7. seems to me one way to solve this issue is to deny motorists the reason that they’re using Clinton. if the City would create a point somewhere between 26th and 39th that only allowed bike/ped access it would eliminate the ability to use Clinton as an alternative to Division. I know that I’ve used Clinton in the past to get from New Seasons to 39th/Cesar Chavez just because it was easier and probably quicker than heading up division. Simply throw down a couple of jersey barriers and call it good. cheap & easy.

      • This is an interesting idea. I think the new Comp Plan will have updated bikeway designations that are more meaningful than the two current ones. I don’t know much about that (I hope to learn more at tomorrow’s Wonk Night at the Lancaster offices, which I’d encourage everyone interested to attend), but maybe there’s an opportunity to formalize the notion that Greenways at or above the 1,500 vehicle-per-day threshhold need traffic reduction measures.

        One of the (many) ways that modern transportation planning errs is by looking at daily volumes as a rigid properties of a street (like it’s width) rather than something that we can control through design. We’ve got to break out of that mindset, and then we can confidently codify a requirement that Greenways must be kept below the 1,500 vpd threshold.

  8. I was out there this morning and was truly shocked at how high the traffic volume was on Clinton in the low 30s. I had someone blow past me on the left at about 40 mph and I was IN A CAR.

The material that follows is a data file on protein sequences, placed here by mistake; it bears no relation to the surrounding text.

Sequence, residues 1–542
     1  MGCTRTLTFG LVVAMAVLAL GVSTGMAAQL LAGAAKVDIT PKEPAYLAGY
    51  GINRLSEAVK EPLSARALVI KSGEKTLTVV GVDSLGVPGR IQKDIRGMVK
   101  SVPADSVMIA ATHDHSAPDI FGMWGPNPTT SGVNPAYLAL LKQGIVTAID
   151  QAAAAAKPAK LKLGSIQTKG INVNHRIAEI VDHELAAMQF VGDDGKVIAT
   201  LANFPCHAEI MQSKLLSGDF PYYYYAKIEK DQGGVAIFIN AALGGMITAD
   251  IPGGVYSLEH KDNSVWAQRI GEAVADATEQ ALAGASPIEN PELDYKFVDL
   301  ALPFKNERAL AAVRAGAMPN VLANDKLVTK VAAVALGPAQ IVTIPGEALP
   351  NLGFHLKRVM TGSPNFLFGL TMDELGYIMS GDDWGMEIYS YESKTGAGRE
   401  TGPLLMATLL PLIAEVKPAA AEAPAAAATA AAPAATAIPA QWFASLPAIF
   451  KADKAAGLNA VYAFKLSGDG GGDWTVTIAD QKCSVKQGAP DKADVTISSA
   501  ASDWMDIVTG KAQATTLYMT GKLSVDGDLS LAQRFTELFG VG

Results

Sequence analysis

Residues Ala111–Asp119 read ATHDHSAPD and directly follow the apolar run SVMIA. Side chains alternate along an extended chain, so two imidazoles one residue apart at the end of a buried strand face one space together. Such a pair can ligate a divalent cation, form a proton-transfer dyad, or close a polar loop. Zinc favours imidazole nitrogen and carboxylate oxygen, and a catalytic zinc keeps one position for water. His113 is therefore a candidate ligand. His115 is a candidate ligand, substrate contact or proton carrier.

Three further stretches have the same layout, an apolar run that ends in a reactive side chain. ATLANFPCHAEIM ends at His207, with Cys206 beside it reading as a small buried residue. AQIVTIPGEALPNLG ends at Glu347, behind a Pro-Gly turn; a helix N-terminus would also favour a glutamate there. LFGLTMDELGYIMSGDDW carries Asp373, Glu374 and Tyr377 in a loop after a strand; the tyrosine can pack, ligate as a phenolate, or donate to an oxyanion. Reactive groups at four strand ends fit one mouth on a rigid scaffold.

9. Are the increasing densities in the inner-eastside really to blame, here? The implication would be that people that moved into the car-free apartments on lower Division are now parking on the street and driving 40mph on the greenway. To me, that doesn’t seem plausible. Has the additional congestion on Division diverted drivers from points much further east off of Division and onto the neighborhood streets? To me, it seems that someone who has a 30min+ commute from east of 205 would be more likely to blast past cyclists on Clinton than someone who has a 2 mile commute from inner Division to downtown.

  10. This is a good opportunity for bicycle license revenue to benefit only cyclists: build diverters on the greenways with it. If it were certain it would be used for that, people would enthusiastically support licensing.

    • In all of the places it has been tried, bicycle licensing has benefited no one. The administrative fees exceed the revenue. And what do you do with minors? Does my 6 year-old have to take a class and pay for a license before she pedals around at Sunday Parkways?

    • My worry with licensing is it adds another “barrier” to a travel mode we’re trying to encourage, but already faces significant disadvantages in terms of infrastructure, cultural acceptance, etc. In doing so, it neutralizes a big advantage that bicycling has: anyone can do it, at any age, without any procedural hurdles, etc.

      I do wish there were a way to collect revenue -only- from people who sometimes bicycle, to be used -only- for bike infrastructure. The City Club proposed a sales tax on bikes which might solve some of the problems with administrative costs exceeding revenues since those are easy to implement. Ultimately, I think the street fee is probably the best proxy for this. Obviously, this captures all road users, but can be scaled such that revenue from people who bike (or want to) will go toward the according improvements.

      • A portion of property tax revenue is spent on transportation in Portland. If someone doesn’t own a car, they still pay property taxes, yet they do essentially zero damage to the roads. If anything, they are paying more than their fair share, especially compared to someone that lives in a cheap house and drives a big pickup truck.